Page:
The Italian government has defined more stringent requirements for early retirement in the budget law for 2024. It has extended but reviewed measures allowing for an early retirement including the so-called ‘Quota 103’, ‘Ape Sociale’ and ‘Opzione Donna’.
With Quota 103, people can retire at 62 years old and with 41 years of contributions, but the pension payments will be determined completely based on contributions, as opposed to the so-called ‘metodo retributivo’ calculating the pay-out based on the income received in the last years of work, that translated into a higher level of pensions.
Moreover, according to the budget law, the amount of pension paid before reaching the statutory retirement age must not exceed four times the minimum pension paid by the Istituto Nazionale della Previdenza Sociale (INPS), that is about €600 per month in 2024.
The right to an early pension, subject to the minimum contribution of at least 20 years, is given to people whose gross monthly amount of the pension is equal to at least three times the amount paid to people with a low income or in difficult financial conditions, (previously, 2.8 times), 2.8 times the amount paid to women with one child, and 2.6 times the amount paid to women with two or more children, according to the labour ministry.
The government has also added longer “moving windows” to exit working life, from the current three months to seven for employees in the private sector, and from six months to nine for workers in the public sector, therefore reforming the article of the law that introduced ‘Quota 100’, allowing early retirement at 62 years old with 38 years of contributions, for a period of three years between 2019 and 2021.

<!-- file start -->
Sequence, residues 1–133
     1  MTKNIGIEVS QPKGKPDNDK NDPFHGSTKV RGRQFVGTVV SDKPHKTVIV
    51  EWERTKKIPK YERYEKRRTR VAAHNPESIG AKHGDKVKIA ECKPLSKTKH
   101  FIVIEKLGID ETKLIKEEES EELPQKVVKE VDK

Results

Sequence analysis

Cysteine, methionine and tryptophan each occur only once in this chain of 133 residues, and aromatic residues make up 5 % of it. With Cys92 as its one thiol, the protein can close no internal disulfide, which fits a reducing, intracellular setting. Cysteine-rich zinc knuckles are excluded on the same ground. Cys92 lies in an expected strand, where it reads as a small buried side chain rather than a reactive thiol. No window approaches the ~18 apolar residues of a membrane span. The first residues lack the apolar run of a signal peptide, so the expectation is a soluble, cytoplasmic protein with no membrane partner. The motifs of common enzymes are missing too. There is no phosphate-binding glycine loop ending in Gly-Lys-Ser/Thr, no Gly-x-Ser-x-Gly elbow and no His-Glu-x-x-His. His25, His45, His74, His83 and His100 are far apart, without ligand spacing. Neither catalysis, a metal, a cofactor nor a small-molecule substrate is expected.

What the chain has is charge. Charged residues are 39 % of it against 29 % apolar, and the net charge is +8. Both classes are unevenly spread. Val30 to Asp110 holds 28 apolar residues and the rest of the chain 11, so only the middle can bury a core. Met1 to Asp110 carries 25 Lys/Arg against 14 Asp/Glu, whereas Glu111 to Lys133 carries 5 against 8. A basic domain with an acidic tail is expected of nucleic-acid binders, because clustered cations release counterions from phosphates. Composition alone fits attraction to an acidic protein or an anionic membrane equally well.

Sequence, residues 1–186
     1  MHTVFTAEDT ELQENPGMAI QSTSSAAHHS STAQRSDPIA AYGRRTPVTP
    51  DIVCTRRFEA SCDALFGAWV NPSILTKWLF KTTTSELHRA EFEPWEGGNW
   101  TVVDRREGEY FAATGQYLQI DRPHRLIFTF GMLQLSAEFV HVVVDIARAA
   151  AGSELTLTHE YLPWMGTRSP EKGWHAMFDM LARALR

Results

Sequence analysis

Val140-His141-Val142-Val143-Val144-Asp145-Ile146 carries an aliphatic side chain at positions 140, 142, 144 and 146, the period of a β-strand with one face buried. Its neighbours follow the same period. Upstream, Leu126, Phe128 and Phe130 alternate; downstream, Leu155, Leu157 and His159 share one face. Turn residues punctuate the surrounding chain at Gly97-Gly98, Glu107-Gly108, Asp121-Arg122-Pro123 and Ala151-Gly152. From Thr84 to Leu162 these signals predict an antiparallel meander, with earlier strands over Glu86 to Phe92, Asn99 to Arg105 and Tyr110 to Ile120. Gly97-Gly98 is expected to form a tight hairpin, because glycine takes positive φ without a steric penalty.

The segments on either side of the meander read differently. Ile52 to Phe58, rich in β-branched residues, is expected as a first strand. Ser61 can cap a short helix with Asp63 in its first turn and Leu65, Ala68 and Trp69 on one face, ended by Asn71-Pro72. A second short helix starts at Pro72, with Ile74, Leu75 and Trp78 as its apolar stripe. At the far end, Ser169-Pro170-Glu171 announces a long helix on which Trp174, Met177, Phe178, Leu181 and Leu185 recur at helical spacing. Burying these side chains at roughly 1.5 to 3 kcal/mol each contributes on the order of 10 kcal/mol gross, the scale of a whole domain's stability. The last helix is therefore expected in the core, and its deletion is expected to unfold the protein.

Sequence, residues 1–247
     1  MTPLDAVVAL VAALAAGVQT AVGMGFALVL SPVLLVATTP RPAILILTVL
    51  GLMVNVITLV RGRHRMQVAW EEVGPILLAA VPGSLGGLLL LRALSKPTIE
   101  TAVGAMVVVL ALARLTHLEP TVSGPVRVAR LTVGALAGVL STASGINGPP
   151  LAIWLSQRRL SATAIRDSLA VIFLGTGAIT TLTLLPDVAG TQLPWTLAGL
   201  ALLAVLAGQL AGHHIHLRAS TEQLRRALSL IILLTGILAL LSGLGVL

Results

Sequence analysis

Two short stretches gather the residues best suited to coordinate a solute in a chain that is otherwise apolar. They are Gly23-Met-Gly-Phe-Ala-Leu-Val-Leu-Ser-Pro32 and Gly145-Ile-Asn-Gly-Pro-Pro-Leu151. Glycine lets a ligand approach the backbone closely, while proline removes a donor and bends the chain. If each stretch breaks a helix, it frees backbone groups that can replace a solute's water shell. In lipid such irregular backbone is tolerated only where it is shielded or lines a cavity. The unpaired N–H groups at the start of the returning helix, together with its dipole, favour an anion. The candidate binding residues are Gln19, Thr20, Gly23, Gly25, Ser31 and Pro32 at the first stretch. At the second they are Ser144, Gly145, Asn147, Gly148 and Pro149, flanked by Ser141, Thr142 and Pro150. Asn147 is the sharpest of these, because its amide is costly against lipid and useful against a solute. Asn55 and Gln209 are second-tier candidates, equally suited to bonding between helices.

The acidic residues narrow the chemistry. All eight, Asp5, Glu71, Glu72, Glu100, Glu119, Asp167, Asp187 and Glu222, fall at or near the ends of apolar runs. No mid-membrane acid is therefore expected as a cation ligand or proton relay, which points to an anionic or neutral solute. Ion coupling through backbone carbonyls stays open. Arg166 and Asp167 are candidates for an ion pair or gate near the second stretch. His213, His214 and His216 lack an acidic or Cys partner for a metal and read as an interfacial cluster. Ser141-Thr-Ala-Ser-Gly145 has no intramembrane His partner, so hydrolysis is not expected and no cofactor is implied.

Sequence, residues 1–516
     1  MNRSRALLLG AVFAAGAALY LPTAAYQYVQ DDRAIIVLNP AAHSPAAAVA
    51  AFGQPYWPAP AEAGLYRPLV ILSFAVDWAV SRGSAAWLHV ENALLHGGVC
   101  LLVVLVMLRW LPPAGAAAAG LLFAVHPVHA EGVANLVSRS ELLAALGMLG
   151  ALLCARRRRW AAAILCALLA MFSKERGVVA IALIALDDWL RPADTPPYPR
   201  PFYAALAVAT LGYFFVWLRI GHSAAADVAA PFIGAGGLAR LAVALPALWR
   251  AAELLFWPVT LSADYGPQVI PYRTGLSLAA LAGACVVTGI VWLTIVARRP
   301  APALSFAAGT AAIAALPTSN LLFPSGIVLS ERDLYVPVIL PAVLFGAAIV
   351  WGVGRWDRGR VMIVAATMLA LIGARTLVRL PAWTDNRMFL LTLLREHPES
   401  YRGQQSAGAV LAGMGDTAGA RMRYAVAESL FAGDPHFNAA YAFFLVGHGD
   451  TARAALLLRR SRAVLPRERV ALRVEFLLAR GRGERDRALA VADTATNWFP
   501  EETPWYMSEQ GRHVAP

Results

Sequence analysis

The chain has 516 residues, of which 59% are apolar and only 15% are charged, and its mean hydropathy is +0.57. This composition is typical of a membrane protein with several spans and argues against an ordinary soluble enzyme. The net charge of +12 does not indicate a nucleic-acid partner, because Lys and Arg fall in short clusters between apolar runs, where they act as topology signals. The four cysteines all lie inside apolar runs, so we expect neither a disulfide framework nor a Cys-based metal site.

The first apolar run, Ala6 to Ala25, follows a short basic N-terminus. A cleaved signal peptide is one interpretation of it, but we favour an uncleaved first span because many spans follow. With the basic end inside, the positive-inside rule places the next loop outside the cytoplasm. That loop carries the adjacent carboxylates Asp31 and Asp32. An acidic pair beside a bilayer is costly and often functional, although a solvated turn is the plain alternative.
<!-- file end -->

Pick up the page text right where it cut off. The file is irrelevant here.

Women can ask for early retirement under the Opzione Donna at 61, instead of 60, and 35 years of contributions. The age for early retirement drops to 60 for women with one child, and to 59 for women with two or more children, according to the finance ministry.
In this case the government also applies the ’moving windows’ rule to exit employment to 12 months for women employees, and 18 months for those who are self-employed, meaning that self-employed women retire at 62 and a half years old.
APE sociale’ – a benefit paid by the INPS to, for example, the unemployed or workers who care for relatives with a disability, or are employed in strenuous jobs – has also been extended, but the age requirement to benefit from the option has been increased from 63 years to 63 years and 5 months.
For members of the pension fund for employees of local administrations, and members of pension funds working in healthcare (CPS), who leave their jobs early in 2024, the pension pay-out will be slightly cut to guarantee a certain level of assistance in the healthcare sector, according to the government, and to discourage early retirement.
The mechanism for indexing pensions to inflation which protects the lowest pensions has been confirmed for 2024.
The ‘Maroni Bonus’, named after former labour and interior minister Roberto Maroni, has been renewed, with a contribution reduction of around 10% for those who decide to stay at work after meeting the requirements for an early retirement.